The complexities of insurance in the “Aloha State”
Every state has different policies and coverage exclusions when it comes to home insurance and coverage isn’t generalizable from one location to another. Both the natural and man-made landscapes in Hawaii, although beautiful, can bring unique challenges to the insurance coverage. Hawaiian property may include single family dwellings, townhomes or condos and multi-unit buildings. Each structure is insured with three different types of coverage: Homeowners, Renters and Dwelling Fire/Landlord.
Homeowners: you own and use the property the majority of the time.
Renters: you do not own the property but live in it most of the time.
Dwelling Fire/Landlord: you own the property but rent it out the majority of the time.
The beautiful landscapes of Hawaii bring their own unique challenges from volcanoes to the oceans to the prevalence of tourists in the state. The following challenges increase risk of peril or losses:
Flooding – rivers and oceans
Vacation rental (Airbnb) usage
Construction style – single wall and double wall
Cost & Natural Disasters
Home insurance in Hawaii is typically more expensive due to higher cost of building materials, higher prevalence of natural disasters and weather-related wear and tear on structures. In Hawaii, a large bulk of your property insurance coverage will likely be hurricane insurance.
Home insurance does not automatically cover all losses or disasters. If you do not see a potential peril (hurricane, earthquake, flood) specifically outlined in your home insurance policy, it is likely not covered. It’s important to review and confirm with your insurance agent that all the risks you would like covered are included in your policy.
Alternatively, your home lender may not require you to have a policy that covers earthquake or lava flow damage, but that does not mean you are at any less of a risk for those perils. When purchasing property insurance in Hawaii, it is vital to check the financial rating of the insurance company. This ensures there will be money to pay out the losses when/if a major catastrophe hits. A.M. Best is a popular financial rating firm, and you preferably want to look for a rating of A or A-.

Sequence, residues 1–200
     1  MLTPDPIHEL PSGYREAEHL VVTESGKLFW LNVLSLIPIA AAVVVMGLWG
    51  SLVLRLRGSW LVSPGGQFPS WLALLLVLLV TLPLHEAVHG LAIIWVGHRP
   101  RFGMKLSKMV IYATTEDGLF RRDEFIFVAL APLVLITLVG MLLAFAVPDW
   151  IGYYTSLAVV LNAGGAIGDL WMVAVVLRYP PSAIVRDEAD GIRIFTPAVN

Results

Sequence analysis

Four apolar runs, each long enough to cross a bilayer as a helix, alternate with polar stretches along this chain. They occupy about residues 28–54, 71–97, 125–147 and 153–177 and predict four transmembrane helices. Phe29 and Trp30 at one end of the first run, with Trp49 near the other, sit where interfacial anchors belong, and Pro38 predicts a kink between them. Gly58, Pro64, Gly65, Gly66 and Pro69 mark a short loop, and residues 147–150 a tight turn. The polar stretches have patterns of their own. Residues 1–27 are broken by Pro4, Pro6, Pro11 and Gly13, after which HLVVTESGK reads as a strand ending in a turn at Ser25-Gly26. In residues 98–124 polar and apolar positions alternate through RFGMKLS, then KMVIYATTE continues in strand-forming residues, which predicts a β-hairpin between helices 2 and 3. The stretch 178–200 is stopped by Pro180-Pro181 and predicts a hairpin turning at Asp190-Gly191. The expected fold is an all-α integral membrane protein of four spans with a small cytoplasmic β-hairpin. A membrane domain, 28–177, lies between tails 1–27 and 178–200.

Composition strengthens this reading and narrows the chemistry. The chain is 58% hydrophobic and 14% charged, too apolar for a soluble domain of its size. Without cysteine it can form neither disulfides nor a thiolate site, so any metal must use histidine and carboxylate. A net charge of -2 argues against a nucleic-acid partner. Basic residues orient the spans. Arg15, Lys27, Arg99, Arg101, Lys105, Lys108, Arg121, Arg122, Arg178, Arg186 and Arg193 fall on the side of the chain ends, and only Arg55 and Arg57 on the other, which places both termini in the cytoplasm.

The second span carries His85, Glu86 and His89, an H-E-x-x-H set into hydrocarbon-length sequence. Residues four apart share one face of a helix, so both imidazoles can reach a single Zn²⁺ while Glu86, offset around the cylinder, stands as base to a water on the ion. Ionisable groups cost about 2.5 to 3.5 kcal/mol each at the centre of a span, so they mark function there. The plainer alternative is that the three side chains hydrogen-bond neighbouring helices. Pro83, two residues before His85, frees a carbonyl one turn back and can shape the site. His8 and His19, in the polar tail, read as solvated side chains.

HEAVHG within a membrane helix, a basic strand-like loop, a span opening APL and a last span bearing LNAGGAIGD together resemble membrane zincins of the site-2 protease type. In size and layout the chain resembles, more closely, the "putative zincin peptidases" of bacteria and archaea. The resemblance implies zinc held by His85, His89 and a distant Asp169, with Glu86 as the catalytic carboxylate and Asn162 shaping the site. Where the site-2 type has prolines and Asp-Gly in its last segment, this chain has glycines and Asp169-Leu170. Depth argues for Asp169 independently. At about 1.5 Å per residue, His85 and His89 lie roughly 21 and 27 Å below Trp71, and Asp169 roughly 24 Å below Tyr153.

Is Your Property’s Risk Too High?
If your Hawaiian property is higher than the average risk, traditional insurance companies may not be able to offer you coverage. To ensure property coverage for high-risk properties, Hawaii uses an association of last resort called, “Hawaii Property Insurance Assocation.” A HPIA policy should only be purchased if you have been declined by two or more insurance companies, as HPIA policies are more expensive and have more exclusions compared to policies from traditional insurance policies.
Choosing the Right Home Insurance
The best way to shop for home insurance in the Aloha State is to work with an independent insurance agent to make sure you are offered multiple options from different companies. Independent agents have the distinctive ability to shop around between companies, ensuring their loyalty is to their client and not a specific carrier. In a state as unique as Hawaii, having multiple options from different companies can make all the difference in both price and coverage.